by Tom Bickford
From the Editor: At the 2013 convention of the National Federation of the Blind of Maryland, Tom Bickford, a member of the National Federation of the Blind since the 1950s, related what he has gotten through his contact with the people and the programs of the National Federation of the Blind. Here is what he said:
What is it that you get in the mail the most? Bills! Bills, advertising, direct requests for money. Yeah, you guys know. It was true sixty years ago—fifty years?—I don't know. In the early 1950s I was a student at Occidental College in Los Angeles. The state of California had a program to pay people to read my textbooks to me. The man who ran that program was Bob Campbell. You'll see his name in Federation history. He was also the president of the Federation affiliate, and it was obvious that he was using his student list to send out Federation information. We'll just forgive him for that.
Toward the end of my college career I was talking with my rehab counselor, and he said, "You ought to go up to this orientation center in Oakland. They could teach you some independent travel skills." I had to admit he was right. So at the end of the school year I went up to Oakland. The most important person I met there was Kenneth Jernigan. He was still in his late twenties then. He was not the formal administrator of the program; he was the inspirational and philosophical leader, though. His ideas were what really made the program go. He taught a number of classes. Every morning he'd come over and work out with us in the gym, and I mean work! I can't name all the classes he taught. He taught a class called Business Methods and Procedures. Originally, it was just that, how to run a business. He'd done it himself. By the time I got there the class was about issues of blindness.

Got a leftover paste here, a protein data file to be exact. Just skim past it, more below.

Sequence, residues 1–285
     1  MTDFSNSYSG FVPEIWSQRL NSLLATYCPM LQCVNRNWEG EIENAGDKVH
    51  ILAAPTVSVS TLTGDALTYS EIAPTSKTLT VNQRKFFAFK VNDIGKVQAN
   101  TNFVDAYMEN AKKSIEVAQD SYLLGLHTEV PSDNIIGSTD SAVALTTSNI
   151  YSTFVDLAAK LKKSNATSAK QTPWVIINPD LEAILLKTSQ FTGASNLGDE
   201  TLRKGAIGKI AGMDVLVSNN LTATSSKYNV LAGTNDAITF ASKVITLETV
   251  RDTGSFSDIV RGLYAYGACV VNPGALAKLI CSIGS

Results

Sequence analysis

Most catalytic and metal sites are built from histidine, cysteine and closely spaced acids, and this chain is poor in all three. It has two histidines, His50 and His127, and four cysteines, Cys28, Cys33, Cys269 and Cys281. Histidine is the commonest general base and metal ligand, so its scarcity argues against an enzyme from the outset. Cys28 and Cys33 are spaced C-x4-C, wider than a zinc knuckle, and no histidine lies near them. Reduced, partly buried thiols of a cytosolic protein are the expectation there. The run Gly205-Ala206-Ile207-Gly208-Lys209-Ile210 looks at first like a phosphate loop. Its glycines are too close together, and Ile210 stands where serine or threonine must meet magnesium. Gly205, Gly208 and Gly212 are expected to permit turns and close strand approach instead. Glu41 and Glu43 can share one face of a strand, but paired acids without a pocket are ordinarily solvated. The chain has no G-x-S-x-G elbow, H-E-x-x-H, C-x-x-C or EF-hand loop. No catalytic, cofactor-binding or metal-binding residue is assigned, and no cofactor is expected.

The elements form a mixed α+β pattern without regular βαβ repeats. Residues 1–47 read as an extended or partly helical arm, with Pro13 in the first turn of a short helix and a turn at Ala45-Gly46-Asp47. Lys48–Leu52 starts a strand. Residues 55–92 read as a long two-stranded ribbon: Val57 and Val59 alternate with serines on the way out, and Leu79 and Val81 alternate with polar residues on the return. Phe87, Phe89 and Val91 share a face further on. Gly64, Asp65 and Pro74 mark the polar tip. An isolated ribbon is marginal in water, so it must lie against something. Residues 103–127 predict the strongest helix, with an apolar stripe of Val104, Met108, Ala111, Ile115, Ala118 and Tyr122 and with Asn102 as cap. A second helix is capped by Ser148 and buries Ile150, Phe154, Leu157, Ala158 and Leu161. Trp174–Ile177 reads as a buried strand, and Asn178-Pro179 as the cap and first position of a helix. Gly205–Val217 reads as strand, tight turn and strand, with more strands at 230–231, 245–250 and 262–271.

"How do you feel about yourself as a blind person, and what do you think you can do?" And we came in, most of us, feeling pretty insecure. And then, "What do you think of other blind people? What do you think they can do? What do you think of the sighted public? What do they think you can do?" We covered all that specifically and in general. He'd pick on a particular student he thought was in a place in the development of his confidence, and he'd say: "Now Jack, how do you think of this? I'll set up a situation here. How do you justify that? Can't you think of something else? Why do you say that? What do you think of this other factor over here?" And he worked us over. I was not exempt from those work-over jobs. He did so many things to make us think about our positioning the development of our confidence and independence.